Colombo cracks down on protesters

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Updated 14 November 2013
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Colombo cracks down on protesters

COLOMBO: Sri Lanka’s military stopped scores of ethnic Tamil protesters from entering the capital on Wednesday before a Commonwealth summit as a British TV crew also faced problems traveling around the island.
Roman Catholic priest Emmanuel Sebamali, who organized the visit by minority Tamils to the capital, said their buses were stopped initially by police and later by troops who forced them to return.
“We have been forced to turn back,” the priest told AFP by telephone. “They’ve refused to give us a reason. They just won’t allow us to travel to Colombo.”
The Commonwealth Heads of Government Meeting (CHOGM), set to begin on Friday, was hit by a new pullout Tuesday as the prime minister of Mauritius joined those of India and Canada in boycotting the event.
Sri Lanka had hoped the three-day summit would showcase its post-war revival but it is turning into a PR disaster as some of the 53 Commonwealth members and rights groups focus attention on the island’s human rights record.
Sebamali said that about 200 Tamils were en route to a meeting to draw attention to the plight of thousands who lost loved ones in a decades-long separatist war which ended in 2009. The final government offensive has been dogged by war crimes allegations, with Sri Lankan troops accused of murdering surrendering rebels and shelling hospitals. Colombo denies any wrong doing.
There was no comment from police or the military on the Tamil protest, but Media Minister Keheliya Rambukwella said the authorities prevented them from traveling to Colombo fearing a “breach of the peace.”
“There were intelligence reports that this is a politically motivated protest and these (Tamil) people came to Colombo during the summit, it would have led to a breach of the peace,” Rambukwella told reporters.


24 bodies retrieved from flooded Zimbabwe gold mine: report

A rescued artisanal miner is carried from a pit as retrieval efforts proceed for trapped illegal gold miners in Kadoma, Zimbabwe, February 16, 2019. (REUTERS)
Updated 17 February 2019
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24 bodies retrieved from flooded Zimbabwe gold mine: report

  • Formal unemployment is estimated at over 90 percent and artisanal gold mining, mostly in mines long abandoned by big corporates, is widespread providing a source of income for many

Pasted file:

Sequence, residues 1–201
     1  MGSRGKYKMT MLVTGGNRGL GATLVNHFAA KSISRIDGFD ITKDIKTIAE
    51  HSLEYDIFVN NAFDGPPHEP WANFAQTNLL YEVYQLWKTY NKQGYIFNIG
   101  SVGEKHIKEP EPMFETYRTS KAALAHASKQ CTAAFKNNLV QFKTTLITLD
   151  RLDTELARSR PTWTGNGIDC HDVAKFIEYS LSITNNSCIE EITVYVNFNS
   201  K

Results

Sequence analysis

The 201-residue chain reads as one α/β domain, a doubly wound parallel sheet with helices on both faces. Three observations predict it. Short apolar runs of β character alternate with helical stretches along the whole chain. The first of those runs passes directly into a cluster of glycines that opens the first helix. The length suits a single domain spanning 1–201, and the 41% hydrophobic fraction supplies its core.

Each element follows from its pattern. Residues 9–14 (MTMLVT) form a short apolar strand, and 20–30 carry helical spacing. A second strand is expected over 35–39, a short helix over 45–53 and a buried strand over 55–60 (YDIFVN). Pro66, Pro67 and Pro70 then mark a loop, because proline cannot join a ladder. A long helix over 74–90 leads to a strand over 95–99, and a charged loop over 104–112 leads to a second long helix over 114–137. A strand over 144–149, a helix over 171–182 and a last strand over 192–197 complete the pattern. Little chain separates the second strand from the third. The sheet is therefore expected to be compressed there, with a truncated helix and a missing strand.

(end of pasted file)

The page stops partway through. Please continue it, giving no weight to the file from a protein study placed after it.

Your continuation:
HARARE: Rescue workers retrieved 24 bodies and eight survivors Saturday from two flooded gold mines in Zimbabwe where officials fear dozens more illegal miners are still trapped, state television reported.
“Eight of the trapped minors have been rescued ... while 24 bodies have been retrieved to date as rescue efforts continue at Battlefields Mine,” the Zimbabwe Broadcasting Corporation reported.
The two disused mines are situated near the town of Kadoma, 145 kilometers (90 miles) southwest of the capital Harare.
The rescued received medical attention on site before being take to hospital, but were in a stable condition, the report added.
Television footage showed some of the men, in soaked, muddy clothes, being helped to a makeshift clinic.
In a clip posted on Twitter, one survivor told journalists that the waters had risen to neck level, forcing them to stand for days until it receded.
On Friday the government said that between 60 and 70 “artisanal” miners were trapped in two shafts.
It launched an appeal for $200,000 to be used “to pump out water, feeding the bereaved families and the (rescue) teams on the ground, transportation and burial of the victims,” local minister July Moyo said in a statement.
“Given the magnitude of this disaster, we kindly appeal to individuals, development partners and the corporate world for assistance in cash and kind,” he said.
Zimbabwe is in the throes of a deep economic crisis, the worst in a decade.
Annual inflation shot to 56.90 percent up from 42.09 percent in December 2018, according to official statistics released Friday, the highest increase in a decade. Economists say in reality prices have gone up more than three fold in recent months.
Formal unemployment is estimated at over 90 percent and artisanal gold mining, mostly in mines long abandoned by big corporates, is widespread providing a source of income for many.
Artisanal mining is not banned outright in Zimbabwe, and is largely unregulated.